Tuesday, December 15, 2009

the psychology of social status

Scientific American | Nobel Laureate economist, John Harsanyi, said that “apart from economic payoffs, social status seems to be the most important incentive and motivating force of social behavior.” The more noticeable status disparities are, the more concerned with status people become, and the differences between the haves and have-nots have been extremely pronounced during the economic recession of recent years. Barack Obama campaigned directly on the issue of the “dwindling middle class” during his 2008 presidential run and appointed vice-president Joe Biden to lead a middle class task force specifically to bolster this demographic. Despite some recent economic improvement, Senator Bernie Sanders of Vermont just two months ago cautioned that “the reality is that the middle class today in this country is in desperate shape and the gap between the very very wealthy and everyone else is going to grow wider.” Concerns about status likely will not be leaving the public consciousness any time soon.

Of course, status differences are not simply relevant to economic standing, but they appear to be on our minds at all times. As renowned neuroscientist, Michael Gazzaniga, has noted, “When you get up in the morning, you do not think about triangles and squares and these similes that psychologists have been using for the past 100 years. You think about status. You think about where you are in relation to your peers.” Between CEO and employee, quarterback and wide receiver, husband and wife, status looms large. Recent work by social scientists has tackled the topic, elucidating behavioral differences between low-status and high-status individuals, and the methods by which those at the bottom of the totem pole are most successful at climbing to the top.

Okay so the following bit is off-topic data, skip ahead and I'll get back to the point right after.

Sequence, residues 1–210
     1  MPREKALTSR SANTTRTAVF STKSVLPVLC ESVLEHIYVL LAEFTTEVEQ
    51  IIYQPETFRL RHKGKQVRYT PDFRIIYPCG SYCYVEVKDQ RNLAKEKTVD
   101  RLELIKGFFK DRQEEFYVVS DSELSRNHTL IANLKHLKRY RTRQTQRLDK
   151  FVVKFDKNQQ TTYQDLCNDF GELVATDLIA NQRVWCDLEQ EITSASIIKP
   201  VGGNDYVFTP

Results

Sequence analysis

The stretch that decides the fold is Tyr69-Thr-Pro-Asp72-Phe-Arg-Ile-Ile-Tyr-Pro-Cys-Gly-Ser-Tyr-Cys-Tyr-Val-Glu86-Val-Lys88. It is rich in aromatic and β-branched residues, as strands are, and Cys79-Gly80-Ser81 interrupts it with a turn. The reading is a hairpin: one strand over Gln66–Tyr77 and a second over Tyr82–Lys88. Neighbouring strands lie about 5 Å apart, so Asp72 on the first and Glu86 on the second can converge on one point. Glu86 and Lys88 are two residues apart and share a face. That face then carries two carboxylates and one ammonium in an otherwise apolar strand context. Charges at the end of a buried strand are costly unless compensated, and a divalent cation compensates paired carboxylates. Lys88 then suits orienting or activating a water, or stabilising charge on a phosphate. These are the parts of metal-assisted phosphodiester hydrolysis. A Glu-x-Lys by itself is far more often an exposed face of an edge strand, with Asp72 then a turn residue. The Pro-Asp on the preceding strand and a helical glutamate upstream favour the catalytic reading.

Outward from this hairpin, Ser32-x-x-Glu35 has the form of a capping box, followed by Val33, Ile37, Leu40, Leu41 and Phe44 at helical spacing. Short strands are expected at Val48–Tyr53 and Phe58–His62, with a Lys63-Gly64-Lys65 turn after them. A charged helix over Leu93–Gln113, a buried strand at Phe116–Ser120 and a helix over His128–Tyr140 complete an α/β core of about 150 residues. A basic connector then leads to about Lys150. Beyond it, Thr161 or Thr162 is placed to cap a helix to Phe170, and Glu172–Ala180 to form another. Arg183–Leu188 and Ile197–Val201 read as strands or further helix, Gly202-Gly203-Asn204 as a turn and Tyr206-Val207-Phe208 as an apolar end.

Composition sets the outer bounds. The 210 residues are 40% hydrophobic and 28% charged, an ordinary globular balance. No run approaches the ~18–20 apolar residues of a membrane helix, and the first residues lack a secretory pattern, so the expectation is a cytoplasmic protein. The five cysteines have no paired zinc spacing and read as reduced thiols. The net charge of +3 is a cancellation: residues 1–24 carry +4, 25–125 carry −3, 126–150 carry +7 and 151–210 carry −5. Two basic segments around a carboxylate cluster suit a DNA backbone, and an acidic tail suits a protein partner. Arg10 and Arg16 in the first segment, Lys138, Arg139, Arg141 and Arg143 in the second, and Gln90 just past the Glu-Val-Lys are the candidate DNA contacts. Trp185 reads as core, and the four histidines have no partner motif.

Psychologist PJ Henry at DePaul University recently published an article demonstrating that low-status individuals have higher tendencies toward violent behavior, explaining these differences in terms of low-status compensation theory. Henry began this work by observing that murder rates were higher in regions with landscapes conducive to herding compared to regions that are conducive to farming, consistent with prior research showing an association between herding-based economies and violence. The traditional explanation for this pattern, popularized by psychologists Dov Cohen and Richard Nisbett, is that herding cultures have a propensity for maintaining a Culture of Honor. The story goes that because herders from Southern Britain originally settled in the Southern United States (and also established a herding economy on the new land), this left them in an economically precarious position. The possessions of these herdsmen—the most important of which was their livestock—was susceptible to theft, forcing individuals to develop a quick trigger in response to threats, economic or otherwise. In comparison, the farming economy of the North was far more secure, requiring a less aggressive and protective stance toward one’s personal resources.